Boatman
Mary Soon Lee

Special cargo, the lieutenant told Shu. Top speed, don’t dock at towns.
Ten men who can help you out on the barge. And twenty horses. Shu
knew better than to tell the lieutenant the river was running rough,
glutted with spring rain, horse-spooking. The horses came aboard nice
and easy enough, and the ten men worked hard and willing. Didn’t
give their names. Dressed like stablehands, except they carried swords
and Shu saw bow-cases in their baggage. Their leader a quiet man,
lean, alert, surefooted. Took Shu a couple of days to notice how the
quiet man watched after an even quieter man, mute or silent, blue scarf
wrapped round his neck day and night, who did most of the grunt-work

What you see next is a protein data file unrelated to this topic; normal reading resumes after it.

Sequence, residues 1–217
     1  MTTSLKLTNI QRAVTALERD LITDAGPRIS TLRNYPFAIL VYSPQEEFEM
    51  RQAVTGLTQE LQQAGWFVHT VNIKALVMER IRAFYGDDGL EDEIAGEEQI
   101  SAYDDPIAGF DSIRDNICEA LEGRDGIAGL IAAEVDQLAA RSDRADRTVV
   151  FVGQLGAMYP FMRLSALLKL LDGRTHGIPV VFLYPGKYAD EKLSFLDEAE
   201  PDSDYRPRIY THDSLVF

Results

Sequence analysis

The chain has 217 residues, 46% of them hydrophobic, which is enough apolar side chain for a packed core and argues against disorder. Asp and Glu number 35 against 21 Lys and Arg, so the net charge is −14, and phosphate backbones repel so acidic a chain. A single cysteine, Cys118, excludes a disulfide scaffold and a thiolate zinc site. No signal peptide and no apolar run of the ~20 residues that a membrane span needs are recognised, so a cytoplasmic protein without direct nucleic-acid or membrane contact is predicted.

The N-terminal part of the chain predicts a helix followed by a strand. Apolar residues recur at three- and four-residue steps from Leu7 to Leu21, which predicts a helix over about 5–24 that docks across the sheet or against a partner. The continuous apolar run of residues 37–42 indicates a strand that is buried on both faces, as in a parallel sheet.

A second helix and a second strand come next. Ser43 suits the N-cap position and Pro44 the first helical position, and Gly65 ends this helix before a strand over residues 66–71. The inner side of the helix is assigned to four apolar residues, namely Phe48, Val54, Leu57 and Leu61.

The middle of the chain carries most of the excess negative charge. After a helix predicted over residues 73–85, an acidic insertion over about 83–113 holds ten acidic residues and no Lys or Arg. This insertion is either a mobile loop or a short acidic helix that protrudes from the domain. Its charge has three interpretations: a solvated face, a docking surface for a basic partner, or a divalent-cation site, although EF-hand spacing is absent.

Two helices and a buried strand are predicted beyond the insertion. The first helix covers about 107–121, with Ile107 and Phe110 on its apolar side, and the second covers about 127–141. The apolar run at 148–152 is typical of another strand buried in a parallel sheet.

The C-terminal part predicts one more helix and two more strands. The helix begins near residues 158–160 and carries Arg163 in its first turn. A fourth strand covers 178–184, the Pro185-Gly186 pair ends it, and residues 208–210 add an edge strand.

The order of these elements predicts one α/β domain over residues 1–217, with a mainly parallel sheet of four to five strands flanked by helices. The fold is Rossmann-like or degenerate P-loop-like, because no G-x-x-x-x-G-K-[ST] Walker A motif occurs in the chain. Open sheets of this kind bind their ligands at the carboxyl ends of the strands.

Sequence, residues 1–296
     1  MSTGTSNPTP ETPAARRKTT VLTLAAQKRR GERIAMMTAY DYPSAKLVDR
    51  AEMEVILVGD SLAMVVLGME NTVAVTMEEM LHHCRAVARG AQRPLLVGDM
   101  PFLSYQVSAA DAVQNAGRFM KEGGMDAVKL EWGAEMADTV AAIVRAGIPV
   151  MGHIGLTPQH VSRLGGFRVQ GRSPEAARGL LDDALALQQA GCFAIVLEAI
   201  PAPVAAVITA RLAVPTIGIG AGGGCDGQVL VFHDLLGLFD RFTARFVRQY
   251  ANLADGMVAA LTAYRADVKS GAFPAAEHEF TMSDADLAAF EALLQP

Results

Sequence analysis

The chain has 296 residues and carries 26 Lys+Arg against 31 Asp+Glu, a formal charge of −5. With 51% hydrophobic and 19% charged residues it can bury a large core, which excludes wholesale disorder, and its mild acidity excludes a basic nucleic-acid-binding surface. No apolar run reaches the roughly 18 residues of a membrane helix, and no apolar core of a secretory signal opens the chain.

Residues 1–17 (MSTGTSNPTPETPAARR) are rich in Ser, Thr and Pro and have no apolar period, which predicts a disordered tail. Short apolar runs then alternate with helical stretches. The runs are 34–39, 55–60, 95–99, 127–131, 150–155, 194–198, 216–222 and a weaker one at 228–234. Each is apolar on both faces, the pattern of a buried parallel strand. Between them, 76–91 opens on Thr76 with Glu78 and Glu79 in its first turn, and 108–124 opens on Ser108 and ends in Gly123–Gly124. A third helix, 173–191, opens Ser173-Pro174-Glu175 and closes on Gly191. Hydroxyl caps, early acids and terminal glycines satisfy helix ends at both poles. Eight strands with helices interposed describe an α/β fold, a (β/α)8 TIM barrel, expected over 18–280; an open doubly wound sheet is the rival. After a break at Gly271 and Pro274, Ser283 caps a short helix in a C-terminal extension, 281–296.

with the horses. Took the storm for Shu to finish putting it together.
Bolts of lightning, rain in sheets, thunder fit to break his eardrums.
Men and horses belowdecks, the man with the scarf going from horse
to horse, laying his hands on them, his scarred hands, patient, and the
horses watching him, still, calm. Unnatural. Only it didn’t feel
unnatural, it felt right. Like a shepherd calming a lambing ewe. Or the
king, Shu’s king, on his way to war, looking after his horses.

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Mary Soon Lee
Mary Soon Lee was born and raised in London, but now lives in Pittsburgh. She has won the Elgin Award and the Rhysling Award for her poetry, more of which may be read at http://www.thesignofthedragon.com.